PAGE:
View details for PubMedID 27753698

  • Surgery for Refractory Coccygodynia SPINE Kleimeyer, J. P., Wood, K. B., Lonne, G., Herzog, T., Ju, K., Beyer, L., Park, C. 2017; 42 (16): 1214?19

    Abstract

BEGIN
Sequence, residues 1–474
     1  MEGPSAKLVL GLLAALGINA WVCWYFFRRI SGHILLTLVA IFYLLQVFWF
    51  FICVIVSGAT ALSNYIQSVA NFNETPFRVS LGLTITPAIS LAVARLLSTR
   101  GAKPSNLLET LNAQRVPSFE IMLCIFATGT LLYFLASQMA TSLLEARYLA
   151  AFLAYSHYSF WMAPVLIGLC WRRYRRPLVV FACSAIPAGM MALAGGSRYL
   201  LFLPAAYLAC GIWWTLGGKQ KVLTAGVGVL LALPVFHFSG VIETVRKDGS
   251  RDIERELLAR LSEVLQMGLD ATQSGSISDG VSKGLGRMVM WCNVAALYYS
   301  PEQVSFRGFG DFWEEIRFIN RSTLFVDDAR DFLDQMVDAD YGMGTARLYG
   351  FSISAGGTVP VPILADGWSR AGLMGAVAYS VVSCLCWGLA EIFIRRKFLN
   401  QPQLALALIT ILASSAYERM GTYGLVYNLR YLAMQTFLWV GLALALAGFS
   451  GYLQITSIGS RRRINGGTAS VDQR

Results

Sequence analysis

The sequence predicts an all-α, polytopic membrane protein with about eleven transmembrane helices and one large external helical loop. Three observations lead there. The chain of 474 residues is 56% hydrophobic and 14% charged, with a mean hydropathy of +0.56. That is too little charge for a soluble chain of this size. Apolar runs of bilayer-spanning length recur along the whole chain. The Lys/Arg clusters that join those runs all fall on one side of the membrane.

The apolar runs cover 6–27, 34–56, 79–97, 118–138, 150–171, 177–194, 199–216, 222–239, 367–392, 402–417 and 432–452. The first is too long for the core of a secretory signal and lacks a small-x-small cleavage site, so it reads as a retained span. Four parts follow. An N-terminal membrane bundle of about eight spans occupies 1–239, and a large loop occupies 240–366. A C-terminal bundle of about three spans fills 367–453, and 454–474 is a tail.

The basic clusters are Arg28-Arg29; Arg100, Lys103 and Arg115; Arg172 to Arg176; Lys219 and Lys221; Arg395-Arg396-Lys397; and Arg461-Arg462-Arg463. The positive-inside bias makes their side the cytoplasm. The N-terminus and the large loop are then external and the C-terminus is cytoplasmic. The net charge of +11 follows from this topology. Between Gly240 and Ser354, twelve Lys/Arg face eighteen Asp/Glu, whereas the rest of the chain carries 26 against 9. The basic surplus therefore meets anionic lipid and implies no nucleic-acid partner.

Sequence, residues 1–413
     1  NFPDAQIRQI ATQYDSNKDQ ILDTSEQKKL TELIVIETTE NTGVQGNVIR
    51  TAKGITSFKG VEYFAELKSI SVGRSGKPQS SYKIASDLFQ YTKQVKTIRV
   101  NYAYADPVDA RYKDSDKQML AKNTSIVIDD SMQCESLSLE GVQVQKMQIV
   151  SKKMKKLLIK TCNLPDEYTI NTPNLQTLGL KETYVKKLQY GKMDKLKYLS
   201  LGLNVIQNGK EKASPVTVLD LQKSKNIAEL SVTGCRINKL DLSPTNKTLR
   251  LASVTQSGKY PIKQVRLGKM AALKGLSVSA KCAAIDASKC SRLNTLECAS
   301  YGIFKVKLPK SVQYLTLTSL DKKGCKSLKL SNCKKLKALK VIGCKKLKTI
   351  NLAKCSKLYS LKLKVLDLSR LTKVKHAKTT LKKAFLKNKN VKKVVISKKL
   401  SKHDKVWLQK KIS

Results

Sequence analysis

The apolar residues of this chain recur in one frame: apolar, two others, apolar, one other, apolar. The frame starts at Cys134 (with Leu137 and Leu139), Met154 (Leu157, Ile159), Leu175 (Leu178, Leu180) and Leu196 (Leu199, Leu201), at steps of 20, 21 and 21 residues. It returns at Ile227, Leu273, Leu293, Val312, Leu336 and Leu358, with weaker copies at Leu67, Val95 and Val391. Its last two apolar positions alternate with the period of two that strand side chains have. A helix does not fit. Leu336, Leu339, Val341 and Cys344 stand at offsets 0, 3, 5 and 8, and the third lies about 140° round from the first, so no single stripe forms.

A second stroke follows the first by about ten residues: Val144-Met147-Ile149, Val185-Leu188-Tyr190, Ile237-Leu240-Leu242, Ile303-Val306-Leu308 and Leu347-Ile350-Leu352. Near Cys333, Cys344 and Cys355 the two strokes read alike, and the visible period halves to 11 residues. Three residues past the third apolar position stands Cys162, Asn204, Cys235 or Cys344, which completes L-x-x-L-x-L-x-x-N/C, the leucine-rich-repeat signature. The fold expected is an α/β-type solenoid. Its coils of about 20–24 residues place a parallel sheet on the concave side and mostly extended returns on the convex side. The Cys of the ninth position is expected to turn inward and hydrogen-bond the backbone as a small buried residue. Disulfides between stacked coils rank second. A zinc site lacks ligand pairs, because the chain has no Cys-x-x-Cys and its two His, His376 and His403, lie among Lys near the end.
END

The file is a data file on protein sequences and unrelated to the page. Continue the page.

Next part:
This is a retrospective cohort study.To evaluate the long-term outcomes for patients with refractory coccygodynia treated with coccygectomy compared to a nonsurgical regimen of sitting aids, physical therapy, medications, and injections.The surgical treatment of coccygodynia remains controversial. To date, there has only been one small comparative study of surgical versus nonsurgical treatment.From 2004 to 2014, 109 patients presenting with coccygodynia were treated with either total coccygectomy or a nonsurgical course of sitting aids, physical therapy, anti-inflammatory medications, and injections. All had at least 2 years of symptoms before surgery. The patient principally made the treatment decision, counseled by the treating physician. Before surgery, all subjects underwent at least 2 years of conservative treatment and three-dimensional imaging (computed tomography and/or magnetic resonance imaging). Subjects completed visual analog pain scales, EuroQol five-dimension, components of the PROMIS measure, and a novel Coccygodynia Disability Index evaluation. Work status, complications, and satisfaction were recorded.A total of 61 patients received nonsurgical care; eight declined participation and five could not be located. Forty-eight patients underwent total coccygectomy; three declined participation and five could not be located. At an average 4.8 years of follow-up (range: 2-9), the nonsurgical visual analog pain scales was 5 and the surgical 2 (P?=?0.001); 79% of surgically treated patients were improved at 2 years versus 43% for the nonsurgical group. EuroQol five-dimension (P?=?0.002), Coccygodynia Disability Index (0.01), and PROMIS Pain interference scores (0.02) were also significantly improved in the surgical group. Eleven surgical patients (26%) had complications, all wound related with successful resolution; seven treated with dressing changes and four with surgical debridement.Total coccygectomy is a safe and effective surgical treatment of coccygodynia refractory to nonoperative care. Patient-reported outcome measures were improved after surgery compared with nonsurgical management. Postoperative wound care remains a concern.4.